GeoGen Script reference

Local variables are declared explicitly with the var statement:

var x;

Value can be assigned to the local variable during declaration:

var x = 5;

Global variables are declared in the same way with global statement:

global a;
global b = 5;

If a variable is not assigned a value during its declaration, it will be declared with null value.

All script defined variables are both readable and writable. Operator = can be used to assign a value to an variable.

x = 5;

Local variables can be accessed only in their scope and its nested scopes. Global variables can be accessed from anywhere (after the variable is declared). A runtime error is generated when code accesses an undeclared variable.

function f ()
a = 2;
a = 0; // runtime error, the "a" was not declared yet
f(); // runtime error again
global a = 1;
f(); // passes, "a" is now declared
var b = 1;
while(b > 5)
b = b + 1; // passes, "b" is declared in higher scope
var c = 8;
c = 5; // runtime error, "c" is not declared in this or higher scope

Some native variables declared by the runtime may be read-only (runtime error will be generated on an attempt to write into read-only variable).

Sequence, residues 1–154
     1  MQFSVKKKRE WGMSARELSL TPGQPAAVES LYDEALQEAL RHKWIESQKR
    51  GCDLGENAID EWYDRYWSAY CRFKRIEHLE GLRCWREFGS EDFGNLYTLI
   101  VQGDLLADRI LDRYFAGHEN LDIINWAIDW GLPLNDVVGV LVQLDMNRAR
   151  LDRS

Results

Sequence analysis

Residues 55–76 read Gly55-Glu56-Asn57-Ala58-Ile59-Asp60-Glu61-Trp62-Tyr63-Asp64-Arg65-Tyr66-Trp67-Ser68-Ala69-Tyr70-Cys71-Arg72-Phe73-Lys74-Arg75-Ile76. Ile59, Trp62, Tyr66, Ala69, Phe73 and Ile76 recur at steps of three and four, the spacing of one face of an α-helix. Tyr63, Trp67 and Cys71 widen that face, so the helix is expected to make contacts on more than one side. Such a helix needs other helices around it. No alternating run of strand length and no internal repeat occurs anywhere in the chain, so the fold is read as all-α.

A global variable must not share its name with any other global variable, otherwise a runtime error will be generated upon its declaration. A local variable must not share its name with any other local variable declared in the same scope. However, a local variable is allowed to share its name with a global variable and any number of local variables declared in higher scopes. Any references to that variable name will then refer to the closest variable declaration.

global a = 1;
function f()
var a = 2;
if (a == 2)
// true, the local "a" hides the global "a"
var a = 3;
if (a == 3)
// true, the inner "a" is the closest declaration
a = 4;
if (a == 4)
// false, the inner and outer "a" are different variables